Coconut Oil


A heavy nearly colorless oil extracted from fresh coconuts.
 

coatings, confectionary, shortening
 

Saturated

350F

177C

Corn Oil


A mild, medium-yellow color refined oil. Made from the germ of the corn kernel.
 

Frying, salad dressings, shortening

Polyunsaturated

450F

232C

Cottonseed Oil


Pale-yellow oil that is extracted from the seed of the cotton plant.
 


Margarine, salad dressings, shortening. Also used for frying.
 

Polyunsaturated

420F

216C

Grapeseed Oil

Light, medium-yellow oil that is a by-product of wine making.


Excellent choice of cooking oil for sauting or frying. Also used in salad dressings.
 

Polyunsaturated

392F

200C

Hazelnut Oil


The nuts are ground and roasted and then pressed in a hydraulic press to extract the delicate oil.  
 

Salad dressings, marinades and baked goods.

Monounsaturated

 

430F

221C

Lard


The white solid or semi-solid rendered fat of a hog. This was once the most popular cooking and baking fat, but has been replaced by vegetable shortenings.

Baking and frying

Saturated

370F

182 C

Macadamia Nut Oil


This oil is cold pressed from the decadent macadamia nut, extracting a light oil similar in quality to the finest extra virgin olive oil.
 

Saut, pan fry, sear, deep fry, stir fry, grill, broil, baking.

Monounsaturated

 

390F

199 C

Olive Oil


Oils vary in weight and may be pale yellow to deep green depending on fruit used and processing.
 

cooking, salad dressings, saut, pan fry, sear, deep fry, stir fry, grill, broil, baking

Monounsaturated

Extra Virgin - 320F
Virgin -
420F
Pomace -
460F
Extra Light -
468F

160C
216C
238C
242C

Palm Oil


A yellowish-orange fatty oil obtained especially from the crushed nuts of an African palm.
 

Cooking, flavoring

Saturated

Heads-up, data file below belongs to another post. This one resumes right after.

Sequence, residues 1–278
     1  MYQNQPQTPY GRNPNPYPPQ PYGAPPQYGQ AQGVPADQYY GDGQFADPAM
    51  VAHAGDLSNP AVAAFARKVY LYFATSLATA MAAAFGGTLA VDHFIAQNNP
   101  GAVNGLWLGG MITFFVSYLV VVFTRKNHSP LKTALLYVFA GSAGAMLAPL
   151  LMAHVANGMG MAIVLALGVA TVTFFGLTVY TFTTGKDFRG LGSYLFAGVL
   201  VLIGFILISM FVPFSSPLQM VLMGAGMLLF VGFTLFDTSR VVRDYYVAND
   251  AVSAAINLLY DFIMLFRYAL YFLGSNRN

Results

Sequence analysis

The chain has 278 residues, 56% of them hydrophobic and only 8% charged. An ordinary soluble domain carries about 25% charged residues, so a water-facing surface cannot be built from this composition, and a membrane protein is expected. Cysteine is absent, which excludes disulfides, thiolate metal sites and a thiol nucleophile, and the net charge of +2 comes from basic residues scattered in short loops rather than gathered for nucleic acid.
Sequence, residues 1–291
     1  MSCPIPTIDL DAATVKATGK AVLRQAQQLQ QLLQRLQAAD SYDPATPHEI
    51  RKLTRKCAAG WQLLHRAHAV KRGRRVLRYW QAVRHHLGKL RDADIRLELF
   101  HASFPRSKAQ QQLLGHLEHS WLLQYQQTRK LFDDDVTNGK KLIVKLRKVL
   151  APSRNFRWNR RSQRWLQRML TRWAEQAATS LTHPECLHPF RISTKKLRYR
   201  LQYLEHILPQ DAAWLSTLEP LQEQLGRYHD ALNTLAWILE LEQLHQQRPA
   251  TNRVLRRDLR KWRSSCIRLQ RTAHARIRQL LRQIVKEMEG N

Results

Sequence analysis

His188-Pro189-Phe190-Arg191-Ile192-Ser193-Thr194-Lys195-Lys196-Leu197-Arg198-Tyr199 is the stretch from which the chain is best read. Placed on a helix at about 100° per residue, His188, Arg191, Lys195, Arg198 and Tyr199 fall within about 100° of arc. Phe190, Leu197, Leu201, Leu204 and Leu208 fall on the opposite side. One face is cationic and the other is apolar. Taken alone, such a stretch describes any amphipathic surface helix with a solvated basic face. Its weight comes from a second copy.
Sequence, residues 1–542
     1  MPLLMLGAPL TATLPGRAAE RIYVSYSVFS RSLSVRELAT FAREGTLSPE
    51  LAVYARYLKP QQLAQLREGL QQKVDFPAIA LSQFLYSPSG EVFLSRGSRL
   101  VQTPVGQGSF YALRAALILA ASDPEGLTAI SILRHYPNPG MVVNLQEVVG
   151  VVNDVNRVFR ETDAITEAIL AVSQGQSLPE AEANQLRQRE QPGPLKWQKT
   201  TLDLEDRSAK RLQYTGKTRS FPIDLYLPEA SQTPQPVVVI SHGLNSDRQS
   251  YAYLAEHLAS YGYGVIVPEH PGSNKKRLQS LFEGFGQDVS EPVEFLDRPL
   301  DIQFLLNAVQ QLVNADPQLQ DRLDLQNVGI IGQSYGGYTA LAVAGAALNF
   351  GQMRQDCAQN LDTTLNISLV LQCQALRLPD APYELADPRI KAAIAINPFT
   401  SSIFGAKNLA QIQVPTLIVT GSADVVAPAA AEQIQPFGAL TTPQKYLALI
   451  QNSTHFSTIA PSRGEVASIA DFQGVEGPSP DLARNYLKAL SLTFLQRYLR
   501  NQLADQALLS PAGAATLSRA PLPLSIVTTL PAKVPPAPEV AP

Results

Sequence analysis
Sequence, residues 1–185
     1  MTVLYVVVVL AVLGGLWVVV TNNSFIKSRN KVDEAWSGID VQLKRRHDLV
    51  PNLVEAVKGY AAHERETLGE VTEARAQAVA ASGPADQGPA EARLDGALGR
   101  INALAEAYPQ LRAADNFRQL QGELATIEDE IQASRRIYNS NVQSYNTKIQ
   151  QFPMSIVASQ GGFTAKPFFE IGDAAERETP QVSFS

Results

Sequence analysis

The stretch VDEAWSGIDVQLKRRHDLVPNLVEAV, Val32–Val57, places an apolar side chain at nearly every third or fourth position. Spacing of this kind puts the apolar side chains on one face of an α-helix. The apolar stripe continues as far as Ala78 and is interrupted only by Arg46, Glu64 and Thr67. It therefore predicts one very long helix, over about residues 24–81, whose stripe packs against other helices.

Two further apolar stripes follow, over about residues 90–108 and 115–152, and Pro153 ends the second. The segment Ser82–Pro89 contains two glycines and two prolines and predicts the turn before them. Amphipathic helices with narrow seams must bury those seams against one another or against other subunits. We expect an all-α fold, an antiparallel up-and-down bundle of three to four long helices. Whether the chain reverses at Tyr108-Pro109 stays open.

446F

230C

Peanut Oil


Pale yellow refined oil with a very subtle scent and flavor. Made from pressed steam-cooked peanuts. Used primarily in Asian cooking.

Frying, cooking, salad dressings

Monounsaturated

450F

232C

Rice Bran Oil


Rice bran oil is produced from the rice bran, which is removed from the grain of rice as it is processed.
 

Frying, saut, salad dressings, baking, dipping oils

Monounsaturated

490F

254C

Safflower Oil


A golden color with a light texture. Made from the seeds of safflowers.
 

Margarine, mayonnaise, salad dressings

Polyunsaturated

450F

232C

Sesame Oil


Comes in two types - a light, very mild Middle Eastern type and a darker Asian type pressed from toasted sesame seeds.

Cooking, salad dressings

Polyunsaturated

410F

232C

Shortening, Vegetable


Blended oil solidified using various processes, including whipping in air and hydrogenation. May have real or artificial butter flavor added.
 

Baking, frying

Saturated

360F

182 C

Soybean Oil


A fairly heavy oil with a pronounced flavor and aroma.

Margarine, salad dressings, shortening

Polyunsaturated

450F

232C

Sunflower Oil


A light odorless and nearly flavorless oil pressed from sunflower seeds. Pale yellow.
 

Cooking, margarine, salad dressings, shortening

Polyunsaturated

450F

232C

Vegetable Oil


Made by blending several different refined oils. Designed to have a mild flavor and a high smoke point.

Cooking, salad dressings

Polyunsaturated

 

 

Walnut Oil


Medium-yellow oil with a nutty flavor and aroma. More perishable than most other oils.
 

Saut, pan fry, sear, deep fry, stir fry, grill, broil

Monounsaturated

400F

204C

 

Sources:

Harvard School of Public Health.

Hormel Foods.

Spectrum Oils.

The Culinary Institute of America (1996). The New Professional Chef, 6th edition, John Wiley & Sons